A review of S6E7 of Game of Thrones

It is with a hint of sadness that I note that we have now passed the two-thirds mark of this year’s season of Game of Thrones. Today’s episode was just like the previous one focused on buildup, on setting up the wars to come. There are many such separate wars that are being set up, in the few remaining episodes we need a resolution to what is happening with Daenerys and Tyrion, one for Arya, one for Sansa and Jon, one for the riverlands and one for King’s Landing, as well as some minor stories that may get put on hold until next year, like Bran and the Greyjoys and Samwell Tarly. All of that is going down in the three remaining episodes, but lest we get ahead of ourselves lets now cover this one.

The Stark storyline in this episode is a buildup almost in the literal sense, we spent some times watching Sansa and Jon travel the world and build an army. Perhaps travel is not the word I’m looking for here, travel implies some work in getting from place to place, Jon and Sansa were speeding across an area the size of Western Europe in a manner implying that in this show, either distance means nothing, or time means nothing. And I thought Littlefinger was the only one able to do that.

This was not the only technical issue in this episode that bothered me. The riverlands for some reason look like Ireland or perhaps Scotland rather than the Rhineland, which I take it is the original source of inspiration for that particular location. There were too few trees and to many hills and/or mountains,  which is a function of the location where it all was filmed but it stood out a bit too much. Another possibility is of course that the scenes with Sandor in particular are supposed to take place in the Vale, where he was last seen, but in the books he surfaces again in the riverlands and the brotherhood, if what we saw was indeed the brotherhood, is supposed to operate there. The actual story we got however, concerning the return of the Hound, was great.

First of all Ian McShane is a great actor, anyone who has seen Deadwood can testify to this. He was as expected great in this episode as a simple septon of a community parish, or whatever we call it, he put out a marvelous performance. But he would have done so playing almost any role in this show, it’s a pity he wasn’t given more a bigger character to work with. He would have made a great Walder Frey for example.

The improvised story about how the Hound had retired to a simple and honest life but was pulled back into the bullshit is, as far as the showrunners doing their own things go, not bad. It is believable, it doesn’t involve offences against the consistence of anything else that is happening and somehow it simply works. It’s like some of the better dialogues between Varys and Littlefinger from back in the day, Martin didn’t write it but I accept it anyway without further ado. Having this kind of stuff in the show is great, and a great complement to some of the original content we also go this week. I am talking about the scenes with Jamie and first the Freys followed by the Blackfish, the inclusions of which made me happy.

Jamie spends most of his arc in A Feast for Crows travelling the riverlands before arriving at Riverrun and there setting shit straight. At the siege we get some of the best dialog in the entire series, and it was reproduced here with remarkable accuracy, at least for being this season and not the first. Now if we are really lucky this will keep going on, and in the next episode we will get the tent meeting with Marq Piper, the Freys, Strongboar and Jamie. There is however one detail that stands out here. Brienne will arrive in the comming episode according to its trailer, that is as it should be, but I don’t see how the Hound fits into all of this. He and Brienne should meet again, that is how this show works, but I’m not yet certain it will be done in a way I will be satisfied with. The Hound is in the episode preview shown killing people, I doubt Jamie and Brienne have anything to do with that, but I also doubt there is a good way for him to come south to King’s Landing on his own. Yeah, some question marks left here.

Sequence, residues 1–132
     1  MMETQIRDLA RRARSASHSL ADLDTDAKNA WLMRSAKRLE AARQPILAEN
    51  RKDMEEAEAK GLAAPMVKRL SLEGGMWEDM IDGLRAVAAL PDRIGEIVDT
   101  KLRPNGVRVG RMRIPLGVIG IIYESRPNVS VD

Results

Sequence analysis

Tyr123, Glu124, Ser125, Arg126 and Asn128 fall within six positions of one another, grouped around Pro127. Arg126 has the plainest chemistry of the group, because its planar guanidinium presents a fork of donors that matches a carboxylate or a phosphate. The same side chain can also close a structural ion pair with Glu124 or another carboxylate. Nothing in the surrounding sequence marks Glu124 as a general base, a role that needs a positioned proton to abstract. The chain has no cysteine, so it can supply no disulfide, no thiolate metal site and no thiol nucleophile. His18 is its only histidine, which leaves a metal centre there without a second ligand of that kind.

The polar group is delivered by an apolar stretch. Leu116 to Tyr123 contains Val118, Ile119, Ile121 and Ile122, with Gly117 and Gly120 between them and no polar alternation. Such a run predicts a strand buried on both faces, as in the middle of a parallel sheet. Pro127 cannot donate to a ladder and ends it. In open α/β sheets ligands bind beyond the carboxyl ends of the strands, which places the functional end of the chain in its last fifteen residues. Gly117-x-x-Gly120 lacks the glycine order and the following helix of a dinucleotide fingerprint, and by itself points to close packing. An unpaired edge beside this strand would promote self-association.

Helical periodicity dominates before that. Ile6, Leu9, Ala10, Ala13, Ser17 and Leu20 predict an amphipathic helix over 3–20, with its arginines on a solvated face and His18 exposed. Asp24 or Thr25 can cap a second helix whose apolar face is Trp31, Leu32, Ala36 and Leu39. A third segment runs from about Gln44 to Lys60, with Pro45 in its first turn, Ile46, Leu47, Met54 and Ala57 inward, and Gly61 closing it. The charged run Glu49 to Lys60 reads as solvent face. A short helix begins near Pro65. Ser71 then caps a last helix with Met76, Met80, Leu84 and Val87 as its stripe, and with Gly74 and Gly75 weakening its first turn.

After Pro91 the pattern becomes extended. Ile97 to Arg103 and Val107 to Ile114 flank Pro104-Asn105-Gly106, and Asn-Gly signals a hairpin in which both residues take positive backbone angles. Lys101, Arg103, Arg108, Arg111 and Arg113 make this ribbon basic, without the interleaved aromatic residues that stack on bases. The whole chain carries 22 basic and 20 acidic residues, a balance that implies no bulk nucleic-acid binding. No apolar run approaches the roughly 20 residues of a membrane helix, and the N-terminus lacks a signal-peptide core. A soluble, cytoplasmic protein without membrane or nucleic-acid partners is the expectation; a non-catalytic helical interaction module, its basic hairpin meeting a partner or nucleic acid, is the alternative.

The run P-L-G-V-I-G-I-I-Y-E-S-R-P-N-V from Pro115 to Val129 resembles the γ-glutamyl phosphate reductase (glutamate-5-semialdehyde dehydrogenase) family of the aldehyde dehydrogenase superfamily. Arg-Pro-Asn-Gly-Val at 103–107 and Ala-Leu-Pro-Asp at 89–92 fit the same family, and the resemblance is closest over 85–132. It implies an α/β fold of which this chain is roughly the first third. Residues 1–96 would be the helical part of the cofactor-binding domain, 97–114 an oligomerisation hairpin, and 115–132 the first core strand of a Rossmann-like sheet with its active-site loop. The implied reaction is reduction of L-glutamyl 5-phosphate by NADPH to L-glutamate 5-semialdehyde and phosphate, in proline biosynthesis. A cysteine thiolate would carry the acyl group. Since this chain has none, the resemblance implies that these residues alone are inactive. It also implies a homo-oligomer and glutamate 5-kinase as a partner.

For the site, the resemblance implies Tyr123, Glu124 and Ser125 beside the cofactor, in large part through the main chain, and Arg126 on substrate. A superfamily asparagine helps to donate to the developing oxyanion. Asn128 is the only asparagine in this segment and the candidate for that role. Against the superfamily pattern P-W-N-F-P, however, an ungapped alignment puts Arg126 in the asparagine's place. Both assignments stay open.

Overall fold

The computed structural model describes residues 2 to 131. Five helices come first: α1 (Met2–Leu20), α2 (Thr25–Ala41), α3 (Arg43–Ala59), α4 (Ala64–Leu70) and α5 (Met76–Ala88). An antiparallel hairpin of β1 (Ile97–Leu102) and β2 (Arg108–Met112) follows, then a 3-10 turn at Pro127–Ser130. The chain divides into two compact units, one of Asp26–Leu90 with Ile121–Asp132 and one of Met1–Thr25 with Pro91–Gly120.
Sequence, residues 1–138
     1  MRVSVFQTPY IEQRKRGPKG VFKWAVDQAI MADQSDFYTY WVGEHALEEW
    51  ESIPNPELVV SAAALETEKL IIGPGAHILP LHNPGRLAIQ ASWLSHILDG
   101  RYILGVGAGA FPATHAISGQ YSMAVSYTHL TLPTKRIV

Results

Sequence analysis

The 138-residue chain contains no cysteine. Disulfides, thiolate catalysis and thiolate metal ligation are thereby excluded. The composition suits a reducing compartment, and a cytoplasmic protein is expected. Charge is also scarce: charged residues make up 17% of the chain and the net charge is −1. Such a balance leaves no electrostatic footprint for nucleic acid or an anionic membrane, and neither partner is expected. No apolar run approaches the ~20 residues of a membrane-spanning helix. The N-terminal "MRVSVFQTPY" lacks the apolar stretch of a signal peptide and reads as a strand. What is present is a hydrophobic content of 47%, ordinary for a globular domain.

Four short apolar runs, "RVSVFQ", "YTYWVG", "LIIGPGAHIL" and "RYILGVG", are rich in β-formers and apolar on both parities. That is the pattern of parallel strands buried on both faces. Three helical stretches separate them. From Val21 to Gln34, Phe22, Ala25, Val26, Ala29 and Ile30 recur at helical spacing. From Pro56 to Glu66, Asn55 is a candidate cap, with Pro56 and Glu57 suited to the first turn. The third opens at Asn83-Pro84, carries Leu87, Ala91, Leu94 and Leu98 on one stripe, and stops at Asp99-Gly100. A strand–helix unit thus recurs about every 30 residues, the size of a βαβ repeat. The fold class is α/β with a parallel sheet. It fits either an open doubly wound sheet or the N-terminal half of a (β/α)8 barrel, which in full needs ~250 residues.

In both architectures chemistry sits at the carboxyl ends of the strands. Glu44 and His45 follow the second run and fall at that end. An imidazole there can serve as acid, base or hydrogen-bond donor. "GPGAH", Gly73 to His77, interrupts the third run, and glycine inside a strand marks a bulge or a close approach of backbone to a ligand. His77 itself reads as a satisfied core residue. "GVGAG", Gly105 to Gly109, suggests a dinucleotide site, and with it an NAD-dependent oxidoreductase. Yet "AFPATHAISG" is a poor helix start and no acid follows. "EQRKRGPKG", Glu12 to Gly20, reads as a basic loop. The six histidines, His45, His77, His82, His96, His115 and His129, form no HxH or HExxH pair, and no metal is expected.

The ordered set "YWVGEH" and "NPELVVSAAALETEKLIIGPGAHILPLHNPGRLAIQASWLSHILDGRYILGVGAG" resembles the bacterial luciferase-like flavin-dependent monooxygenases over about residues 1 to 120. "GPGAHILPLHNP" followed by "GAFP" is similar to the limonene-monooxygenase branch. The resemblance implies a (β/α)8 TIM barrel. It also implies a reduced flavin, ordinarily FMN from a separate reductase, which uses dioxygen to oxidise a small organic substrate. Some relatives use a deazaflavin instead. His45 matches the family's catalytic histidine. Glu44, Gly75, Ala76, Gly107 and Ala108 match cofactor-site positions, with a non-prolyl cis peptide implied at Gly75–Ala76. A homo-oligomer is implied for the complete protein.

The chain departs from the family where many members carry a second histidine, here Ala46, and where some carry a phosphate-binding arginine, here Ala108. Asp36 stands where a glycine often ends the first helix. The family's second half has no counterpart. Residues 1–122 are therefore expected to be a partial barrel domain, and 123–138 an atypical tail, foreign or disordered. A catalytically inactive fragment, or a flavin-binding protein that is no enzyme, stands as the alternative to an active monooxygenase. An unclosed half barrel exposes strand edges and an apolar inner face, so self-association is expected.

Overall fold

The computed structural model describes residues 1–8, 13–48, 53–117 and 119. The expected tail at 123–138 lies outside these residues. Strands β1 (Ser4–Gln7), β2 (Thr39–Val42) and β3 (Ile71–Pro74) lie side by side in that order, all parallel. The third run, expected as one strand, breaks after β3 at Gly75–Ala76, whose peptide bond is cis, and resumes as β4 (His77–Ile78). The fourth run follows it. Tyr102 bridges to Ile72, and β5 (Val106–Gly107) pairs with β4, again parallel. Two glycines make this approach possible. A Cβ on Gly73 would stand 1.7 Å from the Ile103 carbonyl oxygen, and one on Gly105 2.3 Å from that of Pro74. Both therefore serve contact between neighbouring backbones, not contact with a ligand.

As for Arya, she is clearly not dead. A couple of stab-wounds in the guts and say at least fifteen minutes until care is received should lead to intestinal acids ruining your insides to the point where any doctor you call will in turn tell you to call a priest. But Arya will make it and hey, this is clearly just the third technical issue in this episode that bothered me. This was pure filler, nothing happened except that Arya’s rival, having been revealed as a skilled face-changer, now seems more dangerous. But Arya will kill her, Jaquen will be seen saying that the god of death has been paid his dues and has no particular fuck to give. The question is just what Arya does after that.

Having almost finished this review I was struck with  what may perhaps be a touch of madness. Arya is in Braavos and will after killing her former classmate have nothing to do. She will, having settled business in an episode or so, look for another Westerosi to travel with. Well, Yara and Theon are there, they are from Westeros and speak her language, but they aren’t going west, they are going to see the dragons. A longshot, yeah, don’t bet money on this but weirder things have happened.



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